ATLANTIC HIGHLANDS, NJ – Students at MAST, the Marine Academy of Science and Technology at Sandy Hook, and members and leaders of Boy Scout and cub troops from Rumson joined with American Legion Post 141 members and friends to replace disintegrated American flags on the graves of veterans at Bayview Cemetery Saturday.
“We are so appreciative of the cadets and scouts who turn out every year to take on this duty,” said Post Commander Peter Doyle. “ It is a large undertaking, considering this historic cemetery has graves dating back to the Revolutionary War, and at least one recognition of a Congressional Medal of Honor recipient,” he said. “Seeing these young patriots get up early on a Saturday morning to not only remove the faded flags but replace them with bright red, white and blue is proof that patriotism is still very much alive.
CDR Tracie Smith-Yeoman, Senior Naval Science Instructor at MAST, said “we have only been doing this for perhaps four years, but we look forward to doing it for many more years in the future. The cadets volunteer because they are always looking for community service opportunities, and they feel very strongly about honoring our veterans,” the retired Naval Commander said. “Once a cadet does it the first time, he or she will do it again and again, because it is such a wonderful experience.” She added it seems strange to say the cadets enjoy the activity of putting flags on graves, “but it is such a beautiful cemetery with veterans’ graves dating back to the Revolutionary war. The cadets get very interested in reading the names and the dates and the wars these men and women served in. I think they also like to learn about how the government takes care of veterans with the grave markers that veterans are entitled to receive.” Smith-Yeoman said that some cadets will serve in the military themselves, and she feels they like to take care of the veterans that came before them “in the hopes that someday some high school students will care for their graves in the same manner.”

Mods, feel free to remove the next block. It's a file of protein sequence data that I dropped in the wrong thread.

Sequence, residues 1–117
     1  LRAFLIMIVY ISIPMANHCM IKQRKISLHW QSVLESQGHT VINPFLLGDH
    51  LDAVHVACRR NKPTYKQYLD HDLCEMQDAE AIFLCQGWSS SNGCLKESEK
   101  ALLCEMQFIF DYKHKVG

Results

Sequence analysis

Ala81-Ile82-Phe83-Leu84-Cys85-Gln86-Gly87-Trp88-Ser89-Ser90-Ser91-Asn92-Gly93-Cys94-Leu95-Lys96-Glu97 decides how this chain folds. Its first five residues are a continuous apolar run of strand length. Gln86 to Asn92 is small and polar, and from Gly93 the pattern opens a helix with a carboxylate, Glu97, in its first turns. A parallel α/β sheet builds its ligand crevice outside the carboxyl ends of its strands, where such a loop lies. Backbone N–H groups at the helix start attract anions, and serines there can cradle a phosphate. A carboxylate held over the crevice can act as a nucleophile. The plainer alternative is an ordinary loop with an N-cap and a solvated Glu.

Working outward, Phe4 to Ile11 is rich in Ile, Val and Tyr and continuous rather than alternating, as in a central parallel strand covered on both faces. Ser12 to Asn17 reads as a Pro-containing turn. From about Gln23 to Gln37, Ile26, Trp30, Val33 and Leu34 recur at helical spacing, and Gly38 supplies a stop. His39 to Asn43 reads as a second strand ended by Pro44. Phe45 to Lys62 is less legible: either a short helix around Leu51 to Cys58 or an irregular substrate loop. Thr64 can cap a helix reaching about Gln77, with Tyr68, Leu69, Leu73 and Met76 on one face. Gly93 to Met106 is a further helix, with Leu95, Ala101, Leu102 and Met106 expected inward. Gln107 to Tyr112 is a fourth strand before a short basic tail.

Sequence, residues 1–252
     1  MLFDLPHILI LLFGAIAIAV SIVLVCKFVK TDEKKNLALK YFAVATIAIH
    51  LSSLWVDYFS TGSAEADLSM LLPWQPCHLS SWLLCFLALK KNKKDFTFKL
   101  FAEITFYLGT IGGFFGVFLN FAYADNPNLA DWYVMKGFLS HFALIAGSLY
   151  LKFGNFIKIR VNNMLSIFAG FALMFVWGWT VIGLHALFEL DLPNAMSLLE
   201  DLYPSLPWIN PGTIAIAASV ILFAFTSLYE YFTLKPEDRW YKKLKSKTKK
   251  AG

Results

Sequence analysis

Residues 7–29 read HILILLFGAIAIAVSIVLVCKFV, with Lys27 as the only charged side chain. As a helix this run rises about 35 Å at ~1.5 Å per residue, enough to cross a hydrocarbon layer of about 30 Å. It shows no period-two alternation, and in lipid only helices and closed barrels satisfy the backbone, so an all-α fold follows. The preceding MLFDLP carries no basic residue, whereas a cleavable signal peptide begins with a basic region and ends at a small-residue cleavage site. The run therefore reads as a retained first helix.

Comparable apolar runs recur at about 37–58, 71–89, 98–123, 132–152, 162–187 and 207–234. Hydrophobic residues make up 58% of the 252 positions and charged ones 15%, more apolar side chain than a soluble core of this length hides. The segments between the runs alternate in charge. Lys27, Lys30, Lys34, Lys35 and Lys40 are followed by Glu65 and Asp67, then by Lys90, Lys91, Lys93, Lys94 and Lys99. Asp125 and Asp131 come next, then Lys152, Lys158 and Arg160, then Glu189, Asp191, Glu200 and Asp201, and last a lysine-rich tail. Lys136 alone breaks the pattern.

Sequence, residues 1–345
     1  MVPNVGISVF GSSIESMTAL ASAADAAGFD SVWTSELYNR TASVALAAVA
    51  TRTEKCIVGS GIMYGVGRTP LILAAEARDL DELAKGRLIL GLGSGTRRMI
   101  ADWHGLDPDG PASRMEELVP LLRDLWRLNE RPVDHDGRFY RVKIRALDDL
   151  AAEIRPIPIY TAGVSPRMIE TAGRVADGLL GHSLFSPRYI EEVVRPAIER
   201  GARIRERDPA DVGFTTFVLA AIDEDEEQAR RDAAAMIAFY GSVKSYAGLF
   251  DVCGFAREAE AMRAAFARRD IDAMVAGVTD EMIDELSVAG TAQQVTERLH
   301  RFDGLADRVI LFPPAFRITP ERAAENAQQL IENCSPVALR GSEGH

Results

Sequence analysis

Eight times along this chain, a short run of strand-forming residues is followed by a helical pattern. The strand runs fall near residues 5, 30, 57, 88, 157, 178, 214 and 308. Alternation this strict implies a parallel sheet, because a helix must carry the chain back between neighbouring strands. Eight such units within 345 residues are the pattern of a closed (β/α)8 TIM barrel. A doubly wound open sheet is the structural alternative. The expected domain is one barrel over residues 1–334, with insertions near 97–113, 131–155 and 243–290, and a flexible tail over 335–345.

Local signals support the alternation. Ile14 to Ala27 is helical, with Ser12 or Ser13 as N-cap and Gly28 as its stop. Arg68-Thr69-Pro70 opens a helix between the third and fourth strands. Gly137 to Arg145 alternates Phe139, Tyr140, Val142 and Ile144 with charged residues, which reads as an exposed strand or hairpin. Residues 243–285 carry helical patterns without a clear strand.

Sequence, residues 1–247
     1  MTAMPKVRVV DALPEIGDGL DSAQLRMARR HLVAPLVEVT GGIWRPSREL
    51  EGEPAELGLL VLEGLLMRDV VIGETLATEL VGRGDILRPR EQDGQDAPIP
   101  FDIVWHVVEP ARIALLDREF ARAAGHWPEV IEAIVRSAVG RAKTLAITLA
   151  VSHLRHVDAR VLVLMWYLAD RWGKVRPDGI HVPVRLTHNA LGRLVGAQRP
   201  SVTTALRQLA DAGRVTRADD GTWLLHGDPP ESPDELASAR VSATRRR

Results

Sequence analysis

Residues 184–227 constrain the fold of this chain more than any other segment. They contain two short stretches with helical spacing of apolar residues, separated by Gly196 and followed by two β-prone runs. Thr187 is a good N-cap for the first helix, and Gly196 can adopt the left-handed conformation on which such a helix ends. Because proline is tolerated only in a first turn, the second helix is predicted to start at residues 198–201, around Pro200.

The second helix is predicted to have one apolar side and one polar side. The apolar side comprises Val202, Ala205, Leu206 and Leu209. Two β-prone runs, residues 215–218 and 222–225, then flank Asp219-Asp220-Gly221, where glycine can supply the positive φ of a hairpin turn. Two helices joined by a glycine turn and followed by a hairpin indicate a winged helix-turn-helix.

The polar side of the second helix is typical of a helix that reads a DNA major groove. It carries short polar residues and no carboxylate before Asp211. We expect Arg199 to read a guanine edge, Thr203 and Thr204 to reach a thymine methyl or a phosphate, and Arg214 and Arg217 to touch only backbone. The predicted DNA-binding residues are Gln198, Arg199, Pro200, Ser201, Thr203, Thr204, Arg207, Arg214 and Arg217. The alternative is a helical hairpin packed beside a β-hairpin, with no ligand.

Assistant Scoutmaster James Martin of Troop 201 and Cubmaster of Pack 11, was present with Scout Graeme Martin and Cub Asher Martin for the annual flag placements and indicated his scouts, who have been part of the tradition for several years, similar to the high school cadets, enjoy being able to do something for the community and the veterans, and do read the names of the deceased and the wars in which they have served. The scouts also take all the damaged and faded flags, remove them from their wooden sticks, and dispose of them in a ritualistic flag burning ceremony.
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